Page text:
“Pakistan’s warm economic and military ties with China are the second major obstacle in normalization of relations between the US and Pakistan,” Ayesha opined.
During the recent security briefing, Pakistan policymakers expressed apprehension that the US may enforce the “Afghanistan Counterterror Oversight and Accountability Act”, which the US Senate introduced in September.
Republican senators have sought legislation to impose sanctions on the Taliban and against all foreign governments that prop or support the hardline Islamic group.
The legislation also calls on the Secretary of State, Antony Blinken, to assess the role of Pakistan in supporting the Taliban from 2001-2020, coinciding with the US occupation of Afghanistan.
The senators also want Blinken to report on the circumstances leading up to the toppling of Afghanistan’s government, then led by president Ashraf Ghani, and Pakistan’s alleged support for the Taliban’s successful offensives against Panjshir Valley rebels and the broader Afghan national resistance.
The US has significant leverage over Pakistan to exact economic and political damage. Pakistan policymakers reportedly expressed concerns at the recent briefing that the US could use its influence over international agencies to tighten the screws on Pakistan’s finances.
Pakistan is already struggling to revive a desperately needed US$6 billion International Monetary Fund (IMF) bailout program. The IMF, perhaps under US direction, recently imposed stringent new conditions for the release of a $1 billion tranche of the program.
Similarly, despite showing significant progress on the Financial Action Task Force’s (FATF) recommendations, Pakistan is still languishing on the terror-financing watchdog’s grey list that limits its access to foreign funding and banking access.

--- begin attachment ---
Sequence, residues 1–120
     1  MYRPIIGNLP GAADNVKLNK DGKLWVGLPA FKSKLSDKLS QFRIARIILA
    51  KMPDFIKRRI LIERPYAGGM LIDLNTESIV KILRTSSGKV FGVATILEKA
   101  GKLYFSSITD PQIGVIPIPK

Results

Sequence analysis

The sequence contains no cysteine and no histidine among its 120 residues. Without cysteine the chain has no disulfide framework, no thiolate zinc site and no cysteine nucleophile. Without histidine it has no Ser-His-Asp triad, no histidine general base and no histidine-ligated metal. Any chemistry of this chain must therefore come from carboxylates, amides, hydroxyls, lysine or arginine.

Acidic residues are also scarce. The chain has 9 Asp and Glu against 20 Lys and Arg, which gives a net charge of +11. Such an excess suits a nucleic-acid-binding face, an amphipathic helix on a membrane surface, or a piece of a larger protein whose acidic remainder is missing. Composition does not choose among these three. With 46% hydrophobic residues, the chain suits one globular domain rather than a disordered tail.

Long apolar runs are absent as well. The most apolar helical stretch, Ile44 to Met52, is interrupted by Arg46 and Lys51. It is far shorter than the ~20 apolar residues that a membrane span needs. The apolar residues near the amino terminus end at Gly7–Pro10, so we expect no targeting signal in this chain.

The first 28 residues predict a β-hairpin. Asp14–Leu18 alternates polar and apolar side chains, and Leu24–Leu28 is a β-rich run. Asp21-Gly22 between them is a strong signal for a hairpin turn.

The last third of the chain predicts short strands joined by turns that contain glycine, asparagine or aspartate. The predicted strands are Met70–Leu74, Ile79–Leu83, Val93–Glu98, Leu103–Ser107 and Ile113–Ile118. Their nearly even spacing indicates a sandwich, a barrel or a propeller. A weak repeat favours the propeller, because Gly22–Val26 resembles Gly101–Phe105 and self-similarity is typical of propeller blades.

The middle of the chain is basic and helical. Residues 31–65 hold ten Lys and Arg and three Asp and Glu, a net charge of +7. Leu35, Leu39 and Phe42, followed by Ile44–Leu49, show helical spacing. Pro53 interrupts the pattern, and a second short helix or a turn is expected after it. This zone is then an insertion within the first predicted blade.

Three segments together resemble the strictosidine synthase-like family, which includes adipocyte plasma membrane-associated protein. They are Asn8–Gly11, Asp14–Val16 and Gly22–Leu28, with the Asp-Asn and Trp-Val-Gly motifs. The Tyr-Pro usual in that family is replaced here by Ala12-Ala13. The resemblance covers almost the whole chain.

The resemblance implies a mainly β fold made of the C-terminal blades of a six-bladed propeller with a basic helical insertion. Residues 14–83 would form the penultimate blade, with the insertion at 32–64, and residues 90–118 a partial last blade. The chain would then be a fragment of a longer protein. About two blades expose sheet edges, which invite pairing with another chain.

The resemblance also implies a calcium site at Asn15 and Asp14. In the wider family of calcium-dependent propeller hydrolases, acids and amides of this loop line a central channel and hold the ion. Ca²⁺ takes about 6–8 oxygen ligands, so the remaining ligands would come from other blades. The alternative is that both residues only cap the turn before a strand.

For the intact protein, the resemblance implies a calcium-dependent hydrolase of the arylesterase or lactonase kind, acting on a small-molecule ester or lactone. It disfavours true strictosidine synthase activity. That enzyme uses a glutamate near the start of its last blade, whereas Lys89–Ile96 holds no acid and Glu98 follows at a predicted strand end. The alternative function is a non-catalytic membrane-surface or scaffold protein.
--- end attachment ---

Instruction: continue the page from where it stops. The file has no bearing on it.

Pakistan is now desperately seeking external sources to help bridge its widening debt gap by the end of the current financial year ending in July 2022.
The country needs to pay $14.7 billion in debts during 2021-22, including a tad over $4.7 billion to China for CPEC-related project loans and another $4.4 billion in commercial loans owed to Chinese banks at market rates.
Islamabad’s pleas to Beijing to reschedule the repayments have reportedly so far fallen on deaf ears.
In addition to the Chinese loans, Pakistan must also pay back $2.6 billion to multilateral lenders, $1 billion on an outstanding Eurobond and over $1 billion to the IMF.
Pakistani economist and former finance minister Dr Hafiz Pasha, in his new book titled “Charter of Economy, Agenda for Economic Reforms in Pakistan” claims that international lending agencies are under the influence of the US, which he claims is demanding “regional security-related measures from Pakistan.”
“There is a view that the attitude of the IMF may be influenced by extraneous developments. However, the country will have to pay a huge price by yielding to the demands of the US,” he wrote.
Pakistan’s National Security Adviser Moeed Yusuf disclosed in a TV talk show on November 20 that the US was now holding direct talks with Pakistan over the potential use of a vital air corridor to Afghanistan.
He said that Pakistan was currently evaluating whether opening the corridor would influence the behavior of terrorist outfits now operating from Afghan territories and against the Pakistani state. Pakistan has been hit by a rising number of militant attacks since the Taliban’s takeover.
“Pakistan is not in a position to refuse the US’s demand for facilitation on the reconnaissance measures. Pakistan will accommodate the US counterterrorism process whether it likes it or not,” Ayesha opined.
Whether the facilitation of such a corridor – or whatever else the US Pentagon and other US agencies may be seeking from Islamabad – will be enough to avert the sanctions US lawmakers are now pushing for remains to be seen.